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Spring 2017 Clinic Highlights

Friday, March 24, 2017   (0 Comments)
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The Clinical Program at the University of the District of Columbia David Clarke School of Law (UDC-DCSL) represents a significant departure from traditional legal education. One vital purpose of the Clinical Program is to provide legal services to citizens of the District of Columbia who could not otherwise afford representation. The clinical approach has also proven its effectiveness as a method of teaching the law. It places theory within the only context in which it is truly meaningful: the resolution of actual legal disputes.

The faculty and students at UDC-DCSL are engaged in the practice of law on a continuing basis. By representing clients with legal problems, students learn substantive law and lawyering skills in the most realistic setting. This clinical experience not only contributes to a better understanding of the law learned in the classroom, but also gives UDC-DCSL graduates a significant advantage in the workplace over those whose legal education lacks such practical experience.

All UDC-DCSL students participate in at least two of the following clinics:


This clinic has students learn transactional and lawyering skills while representing non-profit organizations and small, urban entrepreneurs by exploring and implementing models of legal practice that assist clients in developing control and ownership of economic and social assets in their communities.

The students’ work begins with ascertaining the client’s goals. Following an analysis of the client’s needs, the students and client plan an approach. They may start with the basics: drafting organic rules to guide the organization’s functioning, advising on governance issues or educating the client about the responsibilities of a Board of Directors. They may partner with accounting or other consultants to achieve solutions to financial needs, such as access to capital, or to conduct risk assessments. They may work with others, including organizers or policy makers, to resolve community issues that stand in the way of their client’s goal. Finally, they may negotiate and prepare the documentation for complex transactions, including sales of real estate – experiences that many lawyers do not get until they have several years of post-law school employment under their belts.

During the 2016-17 academic year, several students are assisting three housing cooperatives that provide homes to 57 families with structuring their loans and resolving other financial challenges. Students are helping a tenant association acquire and renovate 14 units of slum rental housing property and convert it to a cooperative for the building’s residents. CDLC clients offer students a diverse range of subject matter. In addition to tenant associations and housing cooperatives, students are representing nonprofits that provide services to incarcerated youth, offer job readiness training for asylum seekers, and enable child care workers to form their own businesses.


This clinic provides the opportunity for students to represent adult clients charged with misdemeanors in DC Superior Court and children involved in delinquency matters.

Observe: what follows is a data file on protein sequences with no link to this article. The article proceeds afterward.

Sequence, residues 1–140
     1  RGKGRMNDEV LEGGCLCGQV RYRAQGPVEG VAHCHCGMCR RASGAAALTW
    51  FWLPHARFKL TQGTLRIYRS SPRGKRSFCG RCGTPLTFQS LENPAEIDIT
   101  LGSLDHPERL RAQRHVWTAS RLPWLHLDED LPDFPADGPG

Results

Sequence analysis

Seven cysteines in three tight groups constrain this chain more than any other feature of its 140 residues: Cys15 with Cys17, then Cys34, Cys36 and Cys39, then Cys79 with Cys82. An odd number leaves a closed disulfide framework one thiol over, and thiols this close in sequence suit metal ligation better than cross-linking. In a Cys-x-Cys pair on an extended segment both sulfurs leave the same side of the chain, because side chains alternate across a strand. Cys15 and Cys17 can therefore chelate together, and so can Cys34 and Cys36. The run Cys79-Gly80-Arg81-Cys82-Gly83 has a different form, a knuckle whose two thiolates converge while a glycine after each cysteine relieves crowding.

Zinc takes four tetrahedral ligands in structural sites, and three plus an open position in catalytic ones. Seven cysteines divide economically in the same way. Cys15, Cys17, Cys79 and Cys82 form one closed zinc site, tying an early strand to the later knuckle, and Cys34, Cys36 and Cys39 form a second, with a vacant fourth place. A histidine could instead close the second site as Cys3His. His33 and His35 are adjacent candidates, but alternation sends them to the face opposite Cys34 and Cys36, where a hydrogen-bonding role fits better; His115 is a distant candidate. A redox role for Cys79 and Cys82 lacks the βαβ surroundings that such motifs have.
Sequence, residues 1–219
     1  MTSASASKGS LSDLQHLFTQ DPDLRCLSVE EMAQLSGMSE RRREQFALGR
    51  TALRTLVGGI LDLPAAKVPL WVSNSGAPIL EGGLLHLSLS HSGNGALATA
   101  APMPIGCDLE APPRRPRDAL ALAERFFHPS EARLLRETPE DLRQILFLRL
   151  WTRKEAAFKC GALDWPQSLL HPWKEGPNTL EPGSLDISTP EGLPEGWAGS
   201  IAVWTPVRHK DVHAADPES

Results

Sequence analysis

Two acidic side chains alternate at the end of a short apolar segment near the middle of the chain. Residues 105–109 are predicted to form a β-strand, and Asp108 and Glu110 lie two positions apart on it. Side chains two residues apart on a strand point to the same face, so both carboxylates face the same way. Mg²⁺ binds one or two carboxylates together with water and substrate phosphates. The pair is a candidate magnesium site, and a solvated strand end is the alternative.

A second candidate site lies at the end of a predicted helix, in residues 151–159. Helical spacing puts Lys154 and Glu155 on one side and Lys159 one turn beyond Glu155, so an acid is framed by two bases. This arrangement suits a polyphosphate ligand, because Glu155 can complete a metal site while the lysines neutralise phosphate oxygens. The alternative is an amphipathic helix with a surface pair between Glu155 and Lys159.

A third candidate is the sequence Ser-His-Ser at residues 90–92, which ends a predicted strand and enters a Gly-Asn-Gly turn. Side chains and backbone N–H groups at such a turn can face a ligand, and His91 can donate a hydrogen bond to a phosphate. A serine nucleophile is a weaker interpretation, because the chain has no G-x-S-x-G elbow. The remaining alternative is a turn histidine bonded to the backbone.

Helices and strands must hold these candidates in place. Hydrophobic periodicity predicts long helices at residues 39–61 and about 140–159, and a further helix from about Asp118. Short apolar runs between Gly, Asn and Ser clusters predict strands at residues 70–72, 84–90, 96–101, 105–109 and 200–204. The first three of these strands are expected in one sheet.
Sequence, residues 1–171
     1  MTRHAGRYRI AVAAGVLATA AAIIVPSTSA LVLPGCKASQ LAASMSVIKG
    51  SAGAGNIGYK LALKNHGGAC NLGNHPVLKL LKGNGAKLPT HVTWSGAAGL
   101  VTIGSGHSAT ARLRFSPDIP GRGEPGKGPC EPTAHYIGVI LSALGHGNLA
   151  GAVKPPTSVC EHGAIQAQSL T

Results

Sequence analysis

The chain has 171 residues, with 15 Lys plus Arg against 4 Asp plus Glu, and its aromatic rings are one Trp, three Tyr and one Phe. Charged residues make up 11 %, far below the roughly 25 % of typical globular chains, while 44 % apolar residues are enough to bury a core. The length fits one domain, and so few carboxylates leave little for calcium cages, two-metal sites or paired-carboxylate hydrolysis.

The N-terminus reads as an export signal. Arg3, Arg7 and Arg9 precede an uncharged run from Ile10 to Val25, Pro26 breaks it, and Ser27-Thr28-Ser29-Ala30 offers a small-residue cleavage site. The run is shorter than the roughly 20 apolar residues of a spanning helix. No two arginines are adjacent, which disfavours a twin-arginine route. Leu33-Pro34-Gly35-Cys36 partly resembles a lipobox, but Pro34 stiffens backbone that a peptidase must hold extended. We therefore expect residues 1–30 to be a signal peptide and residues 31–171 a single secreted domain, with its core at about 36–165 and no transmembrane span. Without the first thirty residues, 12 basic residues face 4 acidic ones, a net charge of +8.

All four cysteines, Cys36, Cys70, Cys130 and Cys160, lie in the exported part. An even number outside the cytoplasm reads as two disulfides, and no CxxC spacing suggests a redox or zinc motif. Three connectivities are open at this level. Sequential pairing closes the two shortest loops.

Law school students who have an interest in criminal law have the opportunity to acquire hands-on experience in criminal cases through the Criminal Law Clinic, run by D.C. Law Students in Court – Criminal Division, which is located in the law school. Created in 1968, D.C. Law Students in Court is the oldest clinical program in DC and is open to student participants from multiple DC area law schools. Students represent adult defendants in misdemeanor cases in the District of Columbia Superior Court and children involved in delinquency matters and are responsible for every facet of their cases, from extensive fact investigation through pretrial preparation, negotiation and representation at trial and in other hearings.

This fall, UDC law students handled cases in which their clients were charged with misdemeanors such as simple assault, unlawful entry, assault on a police officer, and sexual abuse. Prior to their clients’ first court appearances, each student interviewed his or her incarcerated client and crafted arguments to the arraignment judge in favor of his or her client’s release from jail on the least restrictive conditions possible. At the arraignment hearings, students advocated on their clients’ behalf and secured their clients release into the community. Students thoroughly investigated their cases, going to the scenes of the alleged offenses, taking photographs, and interviewing various witnesses and police officers in order to gather facts and develop case theories. As a result of the information they gathered, the students filed numerous pretrial motions and diligently prepared for trial. Many of the students obtained dismissals in their client’s cases before trial. Other students negotiated with prosecutors and obtained favorable outcomes for their clients, such as diversion agreements. In addition to their time in the courtroom, students assisted with expungement proceedings, and attended training sessions with judges, lawyers and service providers.

Students at a U.S. Supreme Court LectureGENERAL PRACTICE CLINIC

Students in this clinic represent low-income clients dealing with some of life’s hardest issues. Some students help seniors and persons with disabilities remain as independent as possible and avoid institutionalization. Others may help resolve family problems that are likely to escalate and traumatize children.